Thovering between art and design, the SP-Arte Viewing Room brings together 136 exhibitors between the 24th and 30th of August. This is the first virtual version of one of the most famous art fairs in Latin America and, for the first time, it hosts independent artistic projects. In the midst of national and international galleries, National Thunderstorm e 01.01 Art Platform compose the show with another look at art.
“Since 2019, we have been talking to SP-Arte about the lack of representation and the lack of racial diversity at the institutional level of the arts market in Brazil”, explains Ana Beatriz Almeida, member of the 01.01 Art Platform. It is in this sense, bringing artistic productions and non-white worldviews from their own aesthetics and ethics, that the projects collaborate with the fair directed by Fernanda Feitosa (read our interview with the founder of SP-Arte).
Decentralizing artistic discourse
Curated by Africans and Brazilians, and supported by institutions in the United Kingdom, Portugal and Ghana, 01.01 focuses on Afro and Afro-Diasporic artistic production. The platform seeks to re-signify the old trade routes of slavery, transforming them into a circuit of cultural exchange that promotes fair ways of collecting and consuming art. “We intend to educate the public in ethical and aesthetic terms for non-Western productions”, explains Ana Beatriz Almeida.
Levante Nacional Trovoa is a collective of network interaction formed by women and non-binary black, Asian and indigenous people. The project claims the urgency of the discussion about the art system in Brazil, with special attention to the visibility of racialized artists. “Since the hegemonic art circuit does not include our bodies and productions, the creation of a network becomes important, as it allows us to tell our narratives in various places, generating visibility”, say the artists - who chose to collectively respond to our interview.
With more than 180 artists across Brazil, the collective has forty articulators spread across the five regions of the country. “Thus, we work with the aim of reducing regional borders, revealing discourses present on the borders and stimulating the decentralization of the artistic-cultural programming, which is mainly concentrated in the south-southeast axis of the country”, they explain.
Between the physical and the virtual
01.01 would already participate in the fair in its physical version, but does not see the online format as an obstacle: “Digital gives us the chance to skip a step and bring the public closer to our conceptual collection, since our culture is largely immaterial ”, says Ana Beatriz Almeida.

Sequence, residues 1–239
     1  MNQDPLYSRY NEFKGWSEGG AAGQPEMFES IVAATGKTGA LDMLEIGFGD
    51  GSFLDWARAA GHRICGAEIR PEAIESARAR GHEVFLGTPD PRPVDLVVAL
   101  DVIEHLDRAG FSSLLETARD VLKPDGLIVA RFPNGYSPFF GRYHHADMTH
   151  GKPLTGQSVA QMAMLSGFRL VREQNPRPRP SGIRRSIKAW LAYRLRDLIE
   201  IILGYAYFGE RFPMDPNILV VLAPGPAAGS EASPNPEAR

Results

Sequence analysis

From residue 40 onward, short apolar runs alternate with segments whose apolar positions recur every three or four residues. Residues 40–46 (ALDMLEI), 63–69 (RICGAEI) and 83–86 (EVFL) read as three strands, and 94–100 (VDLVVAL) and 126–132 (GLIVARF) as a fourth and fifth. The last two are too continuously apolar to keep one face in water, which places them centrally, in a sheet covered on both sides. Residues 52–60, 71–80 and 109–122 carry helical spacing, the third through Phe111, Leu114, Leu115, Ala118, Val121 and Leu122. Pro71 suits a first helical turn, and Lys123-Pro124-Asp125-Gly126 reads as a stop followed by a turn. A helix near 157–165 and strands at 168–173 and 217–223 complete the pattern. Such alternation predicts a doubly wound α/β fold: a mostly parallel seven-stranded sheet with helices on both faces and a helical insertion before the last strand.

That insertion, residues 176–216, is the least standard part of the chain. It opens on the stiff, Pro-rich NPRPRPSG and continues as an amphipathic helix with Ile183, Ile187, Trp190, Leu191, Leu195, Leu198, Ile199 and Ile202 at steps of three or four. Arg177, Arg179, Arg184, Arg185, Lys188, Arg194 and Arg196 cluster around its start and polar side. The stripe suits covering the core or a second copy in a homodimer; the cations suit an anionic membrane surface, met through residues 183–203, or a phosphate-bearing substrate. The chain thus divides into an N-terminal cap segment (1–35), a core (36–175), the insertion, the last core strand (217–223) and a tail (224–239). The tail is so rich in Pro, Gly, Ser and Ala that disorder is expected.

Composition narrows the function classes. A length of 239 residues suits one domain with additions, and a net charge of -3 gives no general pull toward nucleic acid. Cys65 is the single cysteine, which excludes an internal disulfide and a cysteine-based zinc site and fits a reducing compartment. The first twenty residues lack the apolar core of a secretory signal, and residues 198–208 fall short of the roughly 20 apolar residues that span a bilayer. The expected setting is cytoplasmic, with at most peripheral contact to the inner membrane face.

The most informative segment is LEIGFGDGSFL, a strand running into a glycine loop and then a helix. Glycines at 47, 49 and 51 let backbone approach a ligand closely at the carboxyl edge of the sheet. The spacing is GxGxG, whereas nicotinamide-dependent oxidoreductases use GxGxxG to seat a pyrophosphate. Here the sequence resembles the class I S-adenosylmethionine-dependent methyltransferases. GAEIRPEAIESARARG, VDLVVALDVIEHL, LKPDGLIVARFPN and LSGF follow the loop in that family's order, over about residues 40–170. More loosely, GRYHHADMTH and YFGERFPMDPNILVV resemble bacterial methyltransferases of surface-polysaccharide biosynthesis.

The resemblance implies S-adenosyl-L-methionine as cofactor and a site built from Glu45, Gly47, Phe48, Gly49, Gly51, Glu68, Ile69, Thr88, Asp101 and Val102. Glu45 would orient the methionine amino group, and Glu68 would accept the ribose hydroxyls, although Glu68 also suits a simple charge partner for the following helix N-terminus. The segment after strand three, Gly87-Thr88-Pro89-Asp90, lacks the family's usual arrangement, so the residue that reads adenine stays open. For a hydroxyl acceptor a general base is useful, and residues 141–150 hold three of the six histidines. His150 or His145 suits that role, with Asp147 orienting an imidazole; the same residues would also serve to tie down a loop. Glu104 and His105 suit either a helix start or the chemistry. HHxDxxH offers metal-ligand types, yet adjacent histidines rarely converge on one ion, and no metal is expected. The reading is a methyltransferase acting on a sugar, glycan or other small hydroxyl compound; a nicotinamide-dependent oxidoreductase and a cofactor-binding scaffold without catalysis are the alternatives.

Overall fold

For Nacional Trovoa, the virtual was a facilitator: “Certainly, if the fair were in physical format, we would have to seek financial incentives to transport the works, since Trovoa is not a gallery. In this current model, each artist will be responsible for submitting their own work if the sale goes through.” In addition, the collective believes that the Viewing Room expands the possibilities for artists from other cities to participate and reaches a larger audience, which could not visit the fair in person.
SP-Arte is an international event that attracts collectors from different countries and counts with the participation of numerous curators, gallery owners and directors of institutions. Expectations for this edition are no different and, as Levante Nacional Trovoa explains, “visibility for these audiences is extremely important for the artists of the collective, most of whom are still outside the art circuit”.
01.01 Art Platform believes that the contact with the projects is also important for the public itself, which can integrate with other worldviews, which go beyond the notion that art is limited to the artistic object, understanding it as a more wide range of practices and experiences.
through other eyes
It is through the creation of these dialogues that both collectives intend to bring representation and non-white worldviews to the event, as part of a “constant negotiation with the hegemonic art circuit”, as explained by Nacional Trovoa.
To which Ana Beatriz Almeida, from 01.01, adds: “We understand that art is the first territory of thought reached by revolutionary movements. We are in a moment of profound change in the world, and our role in an art fair is to propose new perspectives of reality through an ethical and aesthetic approach unknown in the West. The lack of knowledge of these other layers of meaning is a direct result of racism, and our proposal is to deconstruct this structure from collecting as an active practice of building realities”.